I was at work and struck by the hour: noon already? On a whim I begged off early, promising to make up the time later (a line borrowed from the procrastinator’s creed). This whim eventually brought me to my daughter’s school, just as her and her like were being released for the day. She wasn’t expecting me, and didn’t notice when I fell into step behind her, stride for untroubled stride. She was carrying a large paper bag: the end of the year, accumulated wealth from a well used second grader’s desk. Without comment or warning I plucked her burden from her grasp. She turned, perturbed, expecting to confront a bully. When she found me instead she looked a little worried, but that worried gaze quickly gave in to excited chatter when she learned I was there solely because I felt like it – because I wanted to see my kid.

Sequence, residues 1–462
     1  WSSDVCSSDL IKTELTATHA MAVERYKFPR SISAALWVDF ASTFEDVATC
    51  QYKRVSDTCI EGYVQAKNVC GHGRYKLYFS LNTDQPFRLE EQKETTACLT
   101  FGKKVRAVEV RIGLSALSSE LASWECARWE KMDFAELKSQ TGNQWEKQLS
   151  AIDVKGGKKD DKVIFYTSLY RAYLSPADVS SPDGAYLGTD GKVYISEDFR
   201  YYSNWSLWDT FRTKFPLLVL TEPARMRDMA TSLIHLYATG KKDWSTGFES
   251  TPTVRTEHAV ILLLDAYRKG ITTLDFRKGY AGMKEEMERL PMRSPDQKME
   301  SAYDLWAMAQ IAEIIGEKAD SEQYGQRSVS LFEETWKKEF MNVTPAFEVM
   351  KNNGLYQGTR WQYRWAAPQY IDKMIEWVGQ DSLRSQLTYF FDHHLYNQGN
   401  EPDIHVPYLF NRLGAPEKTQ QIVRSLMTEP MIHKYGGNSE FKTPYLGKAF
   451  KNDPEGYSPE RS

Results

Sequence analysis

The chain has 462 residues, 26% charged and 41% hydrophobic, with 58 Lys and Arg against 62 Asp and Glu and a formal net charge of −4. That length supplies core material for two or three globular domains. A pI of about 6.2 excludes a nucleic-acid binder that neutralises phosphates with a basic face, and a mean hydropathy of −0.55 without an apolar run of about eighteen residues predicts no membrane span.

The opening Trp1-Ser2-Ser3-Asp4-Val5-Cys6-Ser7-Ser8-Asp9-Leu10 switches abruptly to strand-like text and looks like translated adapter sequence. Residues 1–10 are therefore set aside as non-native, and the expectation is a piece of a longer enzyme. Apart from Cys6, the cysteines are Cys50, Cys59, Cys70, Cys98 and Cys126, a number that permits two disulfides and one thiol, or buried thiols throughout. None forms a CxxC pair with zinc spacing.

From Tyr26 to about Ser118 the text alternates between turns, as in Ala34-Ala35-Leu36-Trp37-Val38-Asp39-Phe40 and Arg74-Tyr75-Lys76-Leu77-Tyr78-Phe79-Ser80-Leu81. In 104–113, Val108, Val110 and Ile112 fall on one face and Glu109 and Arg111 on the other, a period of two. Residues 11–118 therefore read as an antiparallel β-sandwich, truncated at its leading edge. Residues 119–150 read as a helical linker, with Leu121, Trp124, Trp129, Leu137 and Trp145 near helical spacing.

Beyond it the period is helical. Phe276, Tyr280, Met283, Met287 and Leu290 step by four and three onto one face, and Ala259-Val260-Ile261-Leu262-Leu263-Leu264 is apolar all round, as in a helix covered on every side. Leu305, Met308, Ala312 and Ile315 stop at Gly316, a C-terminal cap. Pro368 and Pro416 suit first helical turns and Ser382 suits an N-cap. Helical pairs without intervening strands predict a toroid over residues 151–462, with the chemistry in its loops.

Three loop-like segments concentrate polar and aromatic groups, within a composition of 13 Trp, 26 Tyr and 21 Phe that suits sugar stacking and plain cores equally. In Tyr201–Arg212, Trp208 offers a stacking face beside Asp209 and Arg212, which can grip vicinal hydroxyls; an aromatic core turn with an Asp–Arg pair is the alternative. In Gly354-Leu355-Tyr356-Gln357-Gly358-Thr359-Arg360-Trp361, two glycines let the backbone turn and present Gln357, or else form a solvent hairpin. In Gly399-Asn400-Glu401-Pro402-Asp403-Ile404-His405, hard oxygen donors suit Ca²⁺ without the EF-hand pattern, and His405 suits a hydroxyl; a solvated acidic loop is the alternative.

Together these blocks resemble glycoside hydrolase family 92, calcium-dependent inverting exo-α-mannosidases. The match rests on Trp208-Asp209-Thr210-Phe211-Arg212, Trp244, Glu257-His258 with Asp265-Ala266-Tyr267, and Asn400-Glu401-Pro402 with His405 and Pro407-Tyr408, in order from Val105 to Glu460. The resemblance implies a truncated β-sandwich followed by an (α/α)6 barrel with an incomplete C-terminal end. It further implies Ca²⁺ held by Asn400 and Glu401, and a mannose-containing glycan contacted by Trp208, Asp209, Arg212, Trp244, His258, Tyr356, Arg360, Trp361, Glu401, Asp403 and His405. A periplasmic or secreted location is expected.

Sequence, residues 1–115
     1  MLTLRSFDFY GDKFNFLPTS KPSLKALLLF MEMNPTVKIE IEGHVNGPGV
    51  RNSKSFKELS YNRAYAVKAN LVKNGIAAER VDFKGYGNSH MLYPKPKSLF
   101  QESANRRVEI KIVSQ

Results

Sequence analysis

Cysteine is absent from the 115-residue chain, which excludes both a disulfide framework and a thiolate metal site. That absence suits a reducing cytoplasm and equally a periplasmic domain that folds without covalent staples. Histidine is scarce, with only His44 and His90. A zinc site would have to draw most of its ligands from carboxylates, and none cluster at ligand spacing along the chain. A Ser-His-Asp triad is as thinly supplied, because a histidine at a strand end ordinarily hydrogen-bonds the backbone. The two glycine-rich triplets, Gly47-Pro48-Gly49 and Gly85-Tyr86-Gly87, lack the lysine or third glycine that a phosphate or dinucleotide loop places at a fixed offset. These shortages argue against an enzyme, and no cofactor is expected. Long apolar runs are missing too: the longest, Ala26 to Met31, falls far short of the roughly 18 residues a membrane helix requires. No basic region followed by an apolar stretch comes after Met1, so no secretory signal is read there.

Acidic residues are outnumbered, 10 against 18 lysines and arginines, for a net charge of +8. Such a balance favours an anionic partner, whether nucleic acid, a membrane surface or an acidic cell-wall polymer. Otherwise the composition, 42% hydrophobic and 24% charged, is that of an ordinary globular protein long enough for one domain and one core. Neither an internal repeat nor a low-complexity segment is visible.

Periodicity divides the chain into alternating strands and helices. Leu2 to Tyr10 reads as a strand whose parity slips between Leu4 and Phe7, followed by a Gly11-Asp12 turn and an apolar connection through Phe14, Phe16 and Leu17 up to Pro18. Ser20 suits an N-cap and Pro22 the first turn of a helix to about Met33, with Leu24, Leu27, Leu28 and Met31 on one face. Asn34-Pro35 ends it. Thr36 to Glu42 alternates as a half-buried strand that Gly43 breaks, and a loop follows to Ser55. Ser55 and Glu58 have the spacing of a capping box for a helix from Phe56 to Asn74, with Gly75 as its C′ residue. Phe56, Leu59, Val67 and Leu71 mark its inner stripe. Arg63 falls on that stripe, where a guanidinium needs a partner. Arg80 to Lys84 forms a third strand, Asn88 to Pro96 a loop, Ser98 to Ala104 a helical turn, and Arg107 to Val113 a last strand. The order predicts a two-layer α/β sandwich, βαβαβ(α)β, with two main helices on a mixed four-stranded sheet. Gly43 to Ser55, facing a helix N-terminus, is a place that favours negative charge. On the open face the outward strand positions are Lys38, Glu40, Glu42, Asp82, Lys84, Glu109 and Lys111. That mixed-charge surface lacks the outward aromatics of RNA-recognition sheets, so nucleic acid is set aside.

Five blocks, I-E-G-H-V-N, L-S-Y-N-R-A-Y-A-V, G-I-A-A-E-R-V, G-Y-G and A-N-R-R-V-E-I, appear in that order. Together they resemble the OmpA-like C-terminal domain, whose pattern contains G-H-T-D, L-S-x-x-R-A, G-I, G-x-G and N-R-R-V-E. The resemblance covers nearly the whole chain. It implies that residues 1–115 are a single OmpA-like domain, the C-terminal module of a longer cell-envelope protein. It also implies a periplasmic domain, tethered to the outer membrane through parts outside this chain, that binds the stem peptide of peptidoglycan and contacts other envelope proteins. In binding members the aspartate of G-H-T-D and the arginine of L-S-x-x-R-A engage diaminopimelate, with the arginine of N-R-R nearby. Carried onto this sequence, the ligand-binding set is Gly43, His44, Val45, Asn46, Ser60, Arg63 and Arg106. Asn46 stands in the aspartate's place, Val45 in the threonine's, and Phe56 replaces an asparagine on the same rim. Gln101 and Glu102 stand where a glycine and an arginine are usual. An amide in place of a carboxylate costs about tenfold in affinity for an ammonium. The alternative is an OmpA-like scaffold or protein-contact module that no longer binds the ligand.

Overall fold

Later that day, when the day had no right to be called “day” anymore, Beth was settling down for bed. We said our prayers, tucked in the covers, and said our good nights. As I was closing the door Beth asked me to wait. She waved me over and I sat at her side.
“Dad, today was my favorite day. I love you dad.”
If words can melt a heart, then mine’s a puddle.